August 19, 14
The death of Gaius Julius Caesar Octavianus Augustus, first Emperor of Rome.
He was born in the city of Rome on the Palatine Hill on September 23, 63 B.C.E. and named Gaius Octavian Thurinus, bearing his fathers surname. His mother, Atia, was a niece of Julius Caesar, the daughter of Caesar’s sister. His father died when he was four years old. After his mother remarried he was raised by his maternal grand mother, Julia Caesaris.
As a young man he fought with Caesar in Spain and upon returning to Rome, Caesar deposited a new will with the Vestals, naming Octavian as his heir.
After Caesar’s murder on the Ides (March 16, 44 B.C.E.) Octavian learned he had been adopted by Caesar as his son and left 2/3 of his estate. Octavian, in accordance with Roman custom took Caesar’s name and became Gaius Julius Caesar Octavianus.
Rome had been in civil war – the First Triumvirate of military dictators, Caesar, Pompey Magnus and Marcus Crassus had not lasted long – Crassus was killed in a war of choice against the Parthians (modern day Iraq and Iran) while Pompey was defeated by Caesar’s legions before being killed in Egypt.
Caesar himself was murdered in the Senate and a new Triumvirate, Octavian, Mark Antony and Lepidus formed to hunt down the killers of Caesar. After the defeat of Brutus and Cassius at Philippi (in Greece), the three divided up the empire under military rule.
The Second Triumvirate didn’t last long either – Lepidus was driven into exile and Octavian and Mark Antony were soon at each other’s throats. Antony, married to his second wife, Octavian’s sister, abandoned her and instead joined in alliance with Cleopatra, his lover. whom Julius Caesar had put on the throne of Egypt over her brother. Cleopatra had a son, Caesarion, whom she claimed was fathered by Julius Caesar and was his rightful heir, in Egypt and in Rome. Caesar never acknowledged Caesarion as his son but allowed the boy to be named after him.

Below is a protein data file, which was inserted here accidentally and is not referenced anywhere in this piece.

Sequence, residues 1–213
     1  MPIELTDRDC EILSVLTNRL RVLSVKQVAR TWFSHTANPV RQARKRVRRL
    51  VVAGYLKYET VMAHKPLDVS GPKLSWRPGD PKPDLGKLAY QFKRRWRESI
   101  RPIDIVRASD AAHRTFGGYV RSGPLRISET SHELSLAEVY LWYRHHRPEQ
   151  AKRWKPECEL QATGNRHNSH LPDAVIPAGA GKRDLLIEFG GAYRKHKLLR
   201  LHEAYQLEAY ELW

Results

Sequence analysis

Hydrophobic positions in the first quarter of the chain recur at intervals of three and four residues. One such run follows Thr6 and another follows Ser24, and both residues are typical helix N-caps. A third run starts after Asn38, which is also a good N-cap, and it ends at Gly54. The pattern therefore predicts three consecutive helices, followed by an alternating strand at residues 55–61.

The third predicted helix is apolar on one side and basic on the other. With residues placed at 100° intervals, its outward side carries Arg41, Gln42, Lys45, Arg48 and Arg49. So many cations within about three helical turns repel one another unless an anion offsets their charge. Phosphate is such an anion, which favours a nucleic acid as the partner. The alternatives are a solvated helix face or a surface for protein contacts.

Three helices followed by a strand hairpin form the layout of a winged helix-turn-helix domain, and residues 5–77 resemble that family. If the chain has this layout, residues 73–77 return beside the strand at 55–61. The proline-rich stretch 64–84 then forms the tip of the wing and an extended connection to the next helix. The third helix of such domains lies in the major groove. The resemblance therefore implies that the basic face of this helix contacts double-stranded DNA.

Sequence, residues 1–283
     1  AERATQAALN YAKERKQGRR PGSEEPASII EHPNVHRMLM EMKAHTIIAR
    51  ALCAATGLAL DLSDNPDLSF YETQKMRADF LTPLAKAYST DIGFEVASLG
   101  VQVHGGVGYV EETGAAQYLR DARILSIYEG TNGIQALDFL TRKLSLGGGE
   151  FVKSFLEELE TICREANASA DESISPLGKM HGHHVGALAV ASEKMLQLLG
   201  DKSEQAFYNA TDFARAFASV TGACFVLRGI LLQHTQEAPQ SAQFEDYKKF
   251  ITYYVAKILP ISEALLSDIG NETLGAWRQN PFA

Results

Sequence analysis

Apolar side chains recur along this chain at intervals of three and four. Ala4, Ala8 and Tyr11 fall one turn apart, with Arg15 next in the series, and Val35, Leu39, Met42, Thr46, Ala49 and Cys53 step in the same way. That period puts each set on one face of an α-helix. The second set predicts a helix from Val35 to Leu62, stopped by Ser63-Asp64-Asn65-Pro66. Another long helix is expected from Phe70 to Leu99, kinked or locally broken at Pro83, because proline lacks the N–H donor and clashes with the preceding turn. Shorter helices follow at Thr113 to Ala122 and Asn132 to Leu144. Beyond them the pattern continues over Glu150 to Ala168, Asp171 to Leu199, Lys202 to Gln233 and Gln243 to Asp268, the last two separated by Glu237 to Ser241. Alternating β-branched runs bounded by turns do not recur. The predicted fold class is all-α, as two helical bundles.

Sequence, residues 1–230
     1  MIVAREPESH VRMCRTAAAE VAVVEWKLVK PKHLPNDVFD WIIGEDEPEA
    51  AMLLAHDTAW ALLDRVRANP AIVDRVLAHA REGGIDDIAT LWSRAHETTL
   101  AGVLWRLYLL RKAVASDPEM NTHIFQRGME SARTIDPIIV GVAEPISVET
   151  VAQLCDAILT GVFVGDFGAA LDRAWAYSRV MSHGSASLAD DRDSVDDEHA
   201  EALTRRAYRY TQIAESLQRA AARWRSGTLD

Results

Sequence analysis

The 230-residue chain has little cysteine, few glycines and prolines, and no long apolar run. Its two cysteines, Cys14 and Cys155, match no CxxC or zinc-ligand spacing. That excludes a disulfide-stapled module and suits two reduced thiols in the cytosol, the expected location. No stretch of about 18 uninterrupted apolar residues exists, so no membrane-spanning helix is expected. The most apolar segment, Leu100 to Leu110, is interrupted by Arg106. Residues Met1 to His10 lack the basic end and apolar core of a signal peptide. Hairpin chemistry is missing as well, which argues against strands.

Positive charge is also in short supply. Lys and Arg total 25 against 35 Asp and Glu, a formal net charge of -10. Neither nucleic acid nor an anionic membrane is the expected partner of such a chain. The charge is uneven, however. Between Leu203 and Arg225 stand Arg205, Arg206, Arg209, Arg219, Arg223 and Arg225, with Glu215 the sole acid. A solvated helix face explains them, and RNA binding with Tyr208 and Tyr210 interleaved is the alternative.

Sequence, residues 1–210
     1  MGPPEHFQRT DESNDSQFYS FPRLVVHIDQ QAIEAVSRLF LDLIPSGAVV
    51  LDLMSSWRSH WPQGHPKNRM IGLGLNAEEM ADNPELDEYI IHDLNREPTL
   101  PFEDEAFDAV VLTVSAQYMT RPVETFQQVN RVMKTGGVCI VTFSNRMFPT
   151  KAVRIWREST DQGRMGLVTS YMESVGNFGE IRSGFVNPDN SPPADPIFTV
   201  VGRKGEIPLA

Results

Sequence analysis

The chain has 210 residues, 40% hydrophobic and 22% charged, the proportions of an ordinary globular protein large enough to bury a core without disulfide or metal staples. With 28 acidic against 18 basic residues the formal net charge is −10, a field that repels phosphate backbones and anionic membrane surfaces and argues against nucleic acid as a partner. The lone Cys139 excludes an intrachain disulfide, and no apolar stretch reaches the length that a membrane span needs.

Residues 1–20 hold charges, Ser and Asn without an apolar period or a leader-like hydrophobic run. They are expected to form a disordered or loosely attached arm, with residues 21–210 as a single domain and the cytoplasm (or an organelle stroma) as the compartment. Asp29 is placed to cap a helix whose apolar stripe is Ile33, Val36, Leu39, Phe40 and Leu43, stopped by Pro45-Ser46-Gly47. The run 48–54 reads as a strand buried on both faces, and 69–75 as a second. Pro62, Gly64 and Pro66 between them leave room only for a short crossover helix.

Octavian defeated the combined forces of Antony and Cleopatra at Actium and soon both committed suicide. Antony’s son by Fulvia, his first wife and Caesarion, son of Caesar and Cleopatra, were killed and in 29 B.C.E. Octavian returned to Rome in triumph and proclaimed universal peace throughout the Roman world – the Pax Romana.
The Senate awarded him the title of Augustus.
From then on until his death Augustus embarked on a policy of domestic improvement and reform so sweeping that the the period of his rule and for almost two centuries after his death, was called the Augustan Age. His successors would not always be such fine rulers.
He will be dead 2,000 years this Tuesday. The entire month has been named after him ever since.